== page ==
Regions can choose from several different pricing strategies, and some can employ more than one. Another reason to use pricing is to make driving more expensive and less appealing to help more effectively manage supply and demand.

Road pricing is not new for Bay Area residents. In fact, tolls have been charged on Bay Area bridges since 1926, with some variations over the years. For example, the Bay Area has gone through periods of charging tolls in both directions, adding tolls based on the number of passengers (and even animals) in vehicles.

In Los Angeles, Metro has launched a traffic reduction study which investigates how traffic can be reduced by employing various methods, including congestion pricing. Examples of possible pricing schemes under consideration include a cordon zone in Downtown Los Angeles (similar to London) and various corridor pricing proposals. Based on the results of this study, and approval by its board of directors, Metro will deploy a pilot program to test the strategies.

But such pricing strategies could have several unintended social, economic and environmental impacts. Community engagement, environmental studies and research will be key. For example, could pricing a downtown area encourage people to live and work within the cordon or cause travelers to live and work in edge cities bypassing the cordon altogether? The latter could have unintended consequences of encouraging outward growth and potentially greater vehicle miles traveled. The issues are complex and challenging to untangle.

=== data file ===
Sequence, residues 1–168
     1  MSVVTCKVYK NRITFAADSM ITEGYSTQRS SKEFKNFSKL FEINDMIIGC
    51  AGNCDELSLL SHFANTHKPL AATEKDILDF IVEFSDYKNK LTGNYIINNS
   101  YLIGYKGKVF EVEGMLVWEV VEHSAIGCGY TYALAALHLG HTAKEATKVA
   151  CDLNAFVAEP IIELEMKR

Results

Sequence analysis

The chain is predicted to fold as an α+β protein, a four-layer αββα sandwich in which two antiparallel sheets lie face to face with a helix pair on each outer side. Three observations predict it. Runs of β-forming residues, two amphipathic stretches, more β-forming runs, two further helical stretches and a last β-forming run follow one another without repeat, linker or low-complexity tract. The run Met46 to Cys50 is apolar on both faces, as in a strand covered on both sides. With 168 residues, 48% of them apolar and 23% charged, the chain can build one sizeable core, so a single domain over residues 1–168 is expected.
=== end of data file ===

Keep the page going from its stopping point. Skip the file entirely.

Road pricing also raises equity concerns. According to a Federal Highway Administration primer on the equity impacts of congestion pricing, high-income households may be more likely to drive, pay the road charge and benefit from improved roadways (e.g., better infrastructure, reduced traffic, etc.) while low-income households may be forced to less-expensive times, routes or modes. Additionally, road pricing can adversely impact longer distance super commuters that—as of no fault of their own—were displaced and have longer commutes due to the state’s housing affordability crisis.

To address some of these equity concerns, a number of regions use some toll revenues to fund public transportation improvements (e.g., Metropolitan Transportation Commission and the Port Authority of New York and New Jersey). Some have also proposed reduced pricing for low-income drivers. In Southern California, Metro ExpressLanes on the I-10 and I-110 freeways already offer a reduced low-income assistance program featuring reduced tolls for Los Angeles County households with incomes below certain thresholds.

Irrespective of the opportunities and challenges of different pricing strategies, new revenue sources will be needed quickly to rehabilitate our aging infrastructure, prepare emerging transportation technologies (such as automated and electric vehicles) and enhance our economic competitiveness. How we get there is up for debate, but we need change.

San José Spotlight columnist Karen E. Philbrick is the executive director of the Mineta Transportation Institute, a research institute focusing on multimodal surface transportation policy and management issues.